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View all Cupra Ateca reviews
Parkers overall rating: 3.9 out of 5 3.9
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SEAT's Cupra brand debuts with a sporty SUV

Cupra Ateca SUV Review Video
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PROS

  • Few direct rivals to speak of at this price
  • Strong performance and excellent ability
  • Retains practical, well-built interior
  • It's an excellent all-round performance SUV

CONS

  • Cupra-specific add-ons won't suit all
  • Not as thrilling to drive as you'd expect
  • Still looks and feels like a normal SEAT
  • Options packs hike up the price 

PROS

  • Few direct rivals to speak of at this price
  • Strong performance and excellent ability
  • Retains practical, well-built interior
  • It's an excellent all-round performance SUV

CONS

  • Cupra-specific add-ons won't suit all
  • Not as thrilling to drive as you'd expect
  • Still looks and feels like a normal SEAT
  • Options packs hike up the price 

Verdict

The Cupra Ateca is a performance version of the SEAT Ateca SUV - but don't call it a SEAT. Cupra is now a brand in its own right, rather than a name for faster versions of SEAT models. It's been around for a while on the bootlids of various hot hatchbacks, but now the new Cupra logo sits proud on the front of the Ateca - the first standalone model - with more to follow. 

The Cupra brand exists to appeal to a new range of buyers, with 80% expected to be new to SEAT/Cupra. And by offering something that doesn't appear to have any rivals, there's an air of exclusivity about it. The Ateca deliberately sits bang in the middle of regular crossovers and SUVs from mass-market brands and more premium offerings, like faster versions of the Audi Q5, Mercedes-Benz GLC and Range Rover Evoque.

What does a Cupra model look like? 

At first glance, the Cupra branding is a little in-your-face. That could be because it’s new and unfamiliar, but the aggressive-looking badge, huge grilles at the front, extensive bodykit and use of copper and carbon trim details will be an acquired taste for many. Get the spec right, and it’s a menacing-looking thing that looks quite special. There's a risk that it can look like you’ve added some of the bits yourself with some combinations, however, but it also manages to look quite tame in some specifications. SEAT/Cupra has managed quite a trick there.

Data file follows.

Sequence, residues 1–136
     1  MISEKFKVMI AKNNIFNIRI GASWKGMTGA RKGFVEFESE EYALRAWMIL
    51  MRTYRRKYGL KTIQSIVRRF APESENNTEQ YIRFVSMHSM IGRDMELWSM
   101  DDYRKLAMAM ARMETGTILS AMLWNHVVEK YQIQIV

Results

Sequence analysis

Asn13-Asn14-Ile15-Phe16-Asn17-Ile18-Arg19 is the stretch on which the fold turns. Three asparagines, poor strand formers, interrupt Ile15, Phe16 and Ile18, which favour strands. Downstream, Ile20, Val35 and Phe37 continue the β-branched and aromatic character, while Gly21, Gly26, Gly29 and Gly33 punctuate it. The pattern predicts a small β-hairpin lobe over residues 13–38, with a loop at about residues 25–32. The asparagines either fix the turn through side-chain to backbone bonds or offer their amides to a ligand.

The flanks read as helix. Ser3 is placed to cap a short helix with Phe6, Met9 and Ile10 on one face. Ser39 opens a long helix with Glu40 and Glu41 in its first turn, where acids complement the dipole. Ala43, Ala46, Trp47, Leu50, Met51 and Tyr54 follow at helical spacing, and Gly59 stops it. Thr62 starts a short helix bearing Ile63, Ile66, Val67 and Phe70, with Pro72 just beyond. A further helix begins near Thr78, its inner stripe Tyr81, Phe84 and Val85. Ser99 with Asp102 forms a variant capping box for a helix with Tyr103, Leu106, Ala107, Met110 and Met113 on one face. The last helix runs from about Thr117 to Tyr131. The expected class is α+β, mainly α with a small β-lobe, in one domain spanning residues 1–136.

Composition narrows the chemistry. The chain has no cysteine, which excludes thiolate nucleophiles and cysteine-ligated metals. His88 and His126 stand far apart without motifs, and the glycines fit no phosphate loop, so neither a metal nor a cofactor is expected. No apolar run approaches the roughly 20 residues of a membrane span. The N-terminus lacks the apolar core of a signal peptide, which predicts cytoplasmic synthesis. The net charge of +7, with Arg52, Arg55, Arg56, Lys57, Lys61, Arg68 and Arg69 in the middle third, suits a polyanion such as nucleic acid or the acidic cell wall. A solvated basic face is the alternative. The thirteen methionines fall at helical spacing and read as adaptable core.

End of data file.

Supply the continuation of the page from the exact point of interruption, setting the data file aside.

Cupra Ateca front design

There's little to differentiate the Cupra from the regular Ateca inside, though - with just a couple of trim and material changes, and that badge. That’s not necessarily a bad thing, as the Ateca’s interior is already a nice place to be. It’s all fairly familiar under the bonnet, too, where you'll find the same 2.0 TSI petrol engine you’ll find housed under the bonnet of the Leon ST Cupra (and the same 4Drive all-wheel drive system) mated to a seven-speed DSG gearbox. You can thank the VW Group for having all this stuff laying around to make use of.

Cupra Ateca engines, performance and drive

From behind the wheel, the Cupra Ateca – unsurprisingly – feels like the mechanically similar Leon ST Cupra, just with a higher driving position. That translates to a fast and composed drive, both in a straight line and around bends, but one that’s not as exciting as those wild looks suggest.

At the heart of the Cupra Ateca is a 2.0-litre TSI turbocharged powerplant producing 300hp. Channelling the power via a seven-speed DSG automatic gearbox to all four wheels results in a claimed 0-62mph acceleration time of 5.4 seconds before pressing on to a top speed of 152mph. Clearly this promises to be a quick five-seater SUV. It takes a lot to unstick the Cupra, but as you push on and on in corners, the bodyroll – while mostly well contained – will eventually convince you to ease off a bit. For a tall car it handles well, just like a regular Ateca, but there’s only so much you can do to resist body movement in a tall SUV.

Cupra Ateca cornering